When life gives you coal ash, make coal ash art

Caroline Armijo (All photos: Dayna Reggero, The Climate Listening Project, The Story We Want)

Caroline Armijo was feeling relaxed, her mind open, during a guided meditation class when she was visited by a creative muse: Why not take coal ash, the source of misery for so many people in her hometown of Walnut Cove, and fashion something beautiful from it?

Now Armijo, an environmental activist and a mixed-media artist, is creating sculpture out of crisis. She recently received a $350,000 grant for The Lilies Project, a joint art installation with the Center for Composite and Material Research at NC A&T. Together, Armijo, Kunigal Shivakumar and his colleagues at the Center will use the ash from Belews Creek to sculpt a flowered archway at Fowler Park in Walnut Cove.

Armijo’s project is one of 23 that received money through ArtPlace America’s National Creative Placemaking Fund.

“I’m going to make the mold,” Armijo said, and the scientists will procure the coal ash. “I’m scared of it.”

Center Director Kunigal Shivakumar and his fellow scientists explained in the grant proposal that they will use a polymer to encapsulate the ash. This will seal the material and prevent the leaching of heavy metals into the groundwater and air.

A block made from coal ash that is safe to touch. The Center for Composite and Material Research is creating safe reuses for the toxic material. 

Ash is already combined with other materials to strengthen concrete, but Armijo said, some of it is not the proper quality for that use. “My intent is to demonstrate a new technology to reuse the ash that concrete companies don’t buy.”

For nine generations, Armijo’s family has lived in Walnut Cove, population 1,383, in rural Stokes County. However, it wasn’t until 1974 that the small town got a new neighbor: Duke Energy’s Belews Creek power plant and its 20 million tons of coal ash stored in an unlined, leaking pit.

The project will include oral histories of residents who have been affected by coal ash, plus a walking tour and a performance. The name of the project was inspired from the movie Lilies of the Field, which includes a song, “Amen,” written by Belews Creek resident Jester Hairston. Hairston, known for writing gospel music, was born in Belews Creek in 1901. He died in Los Angeles at age 99.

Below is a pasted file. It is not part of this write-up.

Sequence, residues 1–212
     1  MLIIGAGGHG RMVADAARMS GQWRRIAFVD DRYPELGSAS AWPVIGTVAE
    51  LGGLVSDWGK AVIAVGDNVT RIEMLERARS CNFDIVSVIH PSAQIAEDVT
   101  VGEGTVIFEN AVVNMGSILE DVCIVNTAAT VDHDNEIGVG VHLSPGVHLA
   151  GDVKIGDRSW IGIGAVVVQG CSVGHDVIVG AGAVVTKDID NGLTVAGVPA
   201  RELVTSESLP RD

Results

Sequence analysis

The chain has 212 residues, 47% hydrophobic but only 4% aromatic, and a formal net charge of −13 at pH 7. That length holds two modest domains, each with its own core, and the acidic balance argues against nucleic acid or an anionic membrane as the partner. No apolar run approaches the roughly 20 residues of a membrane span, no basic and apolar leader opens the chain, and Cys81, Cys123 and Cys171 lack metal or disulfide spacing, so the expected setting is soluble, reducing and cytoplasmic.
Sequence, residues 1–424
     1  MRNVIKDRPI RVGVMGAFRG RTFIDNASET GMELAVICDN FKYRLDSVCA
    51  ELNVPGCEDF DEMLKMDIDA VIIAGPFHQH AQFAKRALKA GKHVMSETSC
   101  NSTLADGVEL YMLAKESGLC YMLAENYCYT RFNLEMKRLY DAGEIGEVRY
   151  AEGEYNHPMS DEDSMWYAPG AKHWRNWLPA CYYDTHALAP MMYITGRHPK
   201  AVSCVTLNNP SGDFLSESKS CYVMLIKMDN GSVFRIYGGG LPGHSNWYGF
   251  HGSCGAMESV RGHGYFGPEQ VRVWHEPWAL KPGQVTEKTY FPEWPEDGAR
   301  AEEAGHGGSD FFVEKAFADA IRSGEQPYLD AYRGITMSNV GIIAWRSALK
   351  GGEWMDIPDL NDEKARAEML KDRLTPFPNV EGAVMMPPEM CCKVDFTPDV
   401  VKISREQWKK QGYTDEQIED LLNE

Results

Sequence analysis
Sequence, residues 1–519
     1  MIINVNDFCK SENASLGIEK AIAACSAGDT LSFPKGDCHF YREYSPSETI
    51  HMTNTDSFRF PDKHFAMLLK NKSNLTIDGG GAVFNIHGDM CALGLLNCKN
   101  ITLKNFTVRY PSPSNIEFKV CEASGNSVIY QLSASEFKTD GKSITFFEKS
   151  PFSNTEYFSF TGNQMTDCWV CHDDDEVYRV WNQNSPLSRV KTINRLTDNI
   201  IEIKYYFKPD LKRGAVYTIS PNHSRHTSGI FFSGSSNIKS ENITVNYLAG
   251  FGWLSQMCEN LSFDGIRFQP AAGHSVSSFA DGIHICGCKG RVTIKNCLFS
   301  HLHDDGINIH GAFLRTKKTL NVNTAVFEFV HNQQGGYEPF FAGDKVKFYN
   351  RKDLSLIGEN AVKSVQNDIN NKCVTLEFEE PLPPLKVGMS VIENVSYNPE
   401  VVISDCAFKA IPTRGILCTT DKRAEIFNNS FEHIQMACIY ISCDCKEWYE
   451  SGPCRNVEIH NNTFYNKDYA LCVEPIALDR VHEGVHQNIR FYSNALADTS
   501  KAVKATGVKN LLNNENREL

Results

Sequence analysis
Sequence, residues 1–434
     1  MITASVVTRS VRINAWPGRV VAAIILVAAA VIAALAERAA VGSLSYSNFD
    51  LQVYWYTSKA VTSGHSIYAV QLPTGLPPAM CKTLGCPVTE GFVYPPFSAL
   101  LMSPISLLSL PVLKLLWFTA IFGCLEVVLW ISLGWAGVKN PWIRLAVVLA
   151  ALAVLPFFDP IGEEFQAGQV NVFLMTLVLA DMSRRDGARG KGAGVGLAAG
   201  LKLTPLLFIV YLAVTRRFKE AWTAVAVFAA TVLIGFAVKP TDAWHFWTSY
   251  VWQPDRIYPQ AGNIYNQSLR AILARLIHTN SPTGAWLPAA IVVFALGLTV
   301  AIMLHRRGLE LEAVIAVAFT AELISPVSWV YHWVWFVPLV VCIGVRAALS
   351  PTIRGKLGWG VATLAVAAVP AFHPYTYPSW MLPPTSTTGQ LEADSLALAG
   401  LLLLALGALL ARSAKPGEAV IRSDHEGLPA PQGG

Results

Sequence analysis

Armijo has been an environmental justice activist since 2010, fighting against fracking and advocating for complete cleanup of the coal ash basins — especially as neighbors and a family member developed brain tumors.

ArtPlace’s National Creative Placemaking Fund has now supported 279 projects in 223 communities of all sizes, totaling $86.4 million worth of investments across 46 states, American Samoa, the District of Columbia, Puerto Rico, and the US Virgin Islands.

This year the fund received nearly 1,000 applications; the group invests in community development projects that intersect with the arts. More than half of this year’s recipients are from rural areas.

ArtPlace is funded by private donors, like the Ford and Rockefeller foundations; federal agencies, including the National Endowment for the Arts; and financial institutions, such as MetLife and Chase Bank.

Top Stories from NCPW

  • News
  • Commentary

With nearly 200 active COVID cases among students and staff, board will revisit mask mandate Monday [...]

Like millions of women, Sarah Anderson saw her income drop during the pandemic when her two part-tim [...]

Proposals would fund universal pre-K and free community college, hasten shift to renewable energy WA [...]

Last week, the Prison Policy Initiative published a report – "States of Incarceration: The Glob [...]

Vaccine refusal is a major reason COVID-19 infections continue to surge in the U.S. Safe and effecti [...]

Abortion is a common and normal part of the range of reproductive healthcare services that people ha [...]

Zac Campbell paused suddenly and took a minute to gather himself, while colleagues shuffled toward h [...]

Read the story by reporter Lisa Sorg here. The post Clear and present danger: Burlington’s Tarheel A [...]

A Clear and Present Danger

 

NC’s Tarheel Army Missile Plant is a toxic disgrace
Read the two-part story about the Army’s failure to clean up hazardous chemicals, which have contaminated a Black and Hispanic neighborhood for 30 years.

Read in English.


Haga clic aquí para leer: Peligro inminente
Una antigua planta de misiles del Ejército ha contaminado un vecindario negro y latino durante 30 años.

Leer en español.